(I1) and (I2) don’t need to be changed, but the more elements than’ clause in (I3) becomes less useful when applied to infinite sets. The key idea here is to replace $J$ has more elements than $I$’ with the far weaker $J$ is a maximal independent set but $I$ isn’t’ in (I3). Although it looks weaker, we don’t actually lose anything by making this change, because even after the modification (I1), (I2) and (I3) still axiomatise finite matroids.

The requirement that all minors should have at least one base doesn’t follow from (I1), (I2) and our modified (I3). So we need to add it as a new axiom. Formulating this axiom correctly is a subtle matter, because it seems that in order to have a sensible definition of contraction we must first be able to find bases of the sets we wish to contract. The key point is that any minor can be obtained in such a way that the set $I$ of elements that we contract is independent. The independent sets of such contractions are simply sets whose union with $I$ is independent. So we can formulate all minors have bases’ as follows:

(IM) For any $I \subseteq X \subseteq E$ with $I$ independent, the collection of independent sets $J$ such that $I \subseteq J \subseteq X$ has a maximal element.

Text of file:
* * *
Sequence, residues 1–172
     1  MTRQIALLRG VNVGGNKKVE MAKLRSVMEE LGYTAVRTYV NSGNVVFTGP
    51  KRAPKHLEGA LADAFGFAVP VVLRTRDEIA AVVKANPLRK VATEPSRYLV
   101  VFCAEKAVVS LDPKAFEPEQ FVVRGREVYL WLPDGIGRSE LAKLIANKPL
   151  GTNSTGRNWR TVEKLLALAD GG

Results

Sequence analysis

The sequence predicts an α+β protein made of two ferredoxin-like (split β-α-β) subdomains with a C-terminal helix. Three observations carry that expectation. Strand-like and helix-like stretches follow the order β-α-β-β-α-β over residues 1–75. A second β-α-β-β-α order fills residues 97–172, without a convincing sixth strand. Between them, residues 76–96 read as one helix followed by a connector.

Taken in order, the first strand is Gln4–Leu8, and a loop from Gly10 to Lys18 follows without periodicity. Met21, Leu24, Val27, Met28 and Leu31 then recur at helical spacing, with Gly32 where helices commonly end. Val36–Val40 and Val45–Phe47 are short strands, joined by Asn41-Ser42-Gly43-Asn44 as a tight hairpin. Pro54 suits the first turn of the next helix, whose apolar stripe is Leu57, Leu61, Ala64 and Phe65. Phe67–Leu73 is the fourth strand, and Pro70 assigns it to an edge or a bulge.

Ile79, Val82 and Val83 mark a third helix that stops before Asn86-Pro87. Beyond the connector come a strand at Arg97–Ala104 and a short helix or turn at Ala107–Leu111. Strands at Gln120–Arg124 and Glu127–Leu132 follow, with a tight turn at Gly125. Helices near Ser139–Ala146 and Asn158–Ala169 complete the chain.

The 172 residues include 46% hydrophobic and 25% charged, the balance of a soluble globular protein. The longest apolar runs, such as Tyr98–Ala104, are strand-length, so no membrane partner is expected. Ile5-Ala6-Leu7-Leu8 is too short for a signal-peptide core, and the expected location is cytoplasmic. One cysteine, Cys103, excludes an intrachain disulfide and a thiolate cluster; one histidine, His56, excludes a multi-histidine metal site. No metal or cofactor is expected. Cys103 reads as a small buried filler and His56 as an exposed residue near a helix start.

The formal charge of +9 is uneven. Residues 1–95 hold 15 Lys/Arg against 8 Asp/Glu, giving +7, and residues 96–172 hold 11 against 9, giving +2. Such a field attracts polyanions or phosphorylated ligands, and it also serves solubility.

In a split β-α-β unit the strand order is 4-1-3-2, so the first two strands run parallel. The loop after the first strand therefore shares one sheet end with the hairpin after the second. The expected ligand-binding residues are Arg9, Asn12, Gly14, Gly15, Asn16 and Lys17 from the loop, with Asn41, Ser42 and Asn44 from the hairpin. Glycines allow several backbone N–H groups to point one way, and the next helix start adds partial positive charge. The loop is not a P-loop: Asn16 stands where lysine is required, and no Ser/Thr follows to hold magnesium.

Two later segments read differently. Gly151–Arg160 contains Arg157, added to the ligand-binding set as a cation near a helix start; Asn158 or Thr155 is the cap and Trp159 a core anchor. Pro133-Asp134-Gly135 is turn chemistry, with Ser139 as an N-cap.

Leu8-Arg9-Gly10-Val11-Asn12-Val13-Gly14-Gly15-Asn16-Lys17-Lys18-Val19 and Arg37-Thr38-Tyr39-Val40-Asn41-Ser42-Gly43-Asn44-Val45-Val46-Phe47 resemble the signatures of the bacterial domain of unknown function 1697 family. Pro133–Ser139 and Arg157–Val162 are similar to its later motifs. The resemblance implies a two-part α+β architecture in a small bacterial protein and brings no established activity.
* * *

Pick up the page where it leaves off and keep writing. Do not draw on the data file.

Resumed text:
To find a base when we contract an arbitrary set $X$ using this axiom, we have to first find a base of $X$ itself. But (IM) allows us to do that too, so this doesn’t cause any problems. (I1)-(I3) together with (IM) really axiomatise B-matroids. The same idea works for bases: the usual base axioms together with (IM) applied to the collection of subsets of bases gives us another axiomatisation. We can also formulate a fifth Closure Axiom (CLM) in the same spirit, saying that the collection of $\text{cl}$-independent sets satisfies (IM). Once more, the collection of operators satisfying (CL1)-(CL4) and (CLM) is exactly the collection of B-matroids.

We won’t discuss the proof that all of these axiomatisations are equivalent (or more precisely cryptomorphic) here, since it is similar to the proof for finite matroids. Instead, we’ll finish by sketching how to get axiomatisations in terms of circuits or the rank function.

In the derivation of other axiomatisations from the circuit axioms, the circuit elimination axiom gets iterated. If one tries to make these proofs work in an infinite context, it turns out that circuit elimination has to be iterated infinitely often, and the proofs fall apart. What is needed is an axiom which allows for controlled iteration of circuit elimination. More precisely, it is enough to require that infinitely many different edges of the same circuit can all be eliminated simultaneously. This principle, the infinite circuit elimination axiom, can be formulated as follows: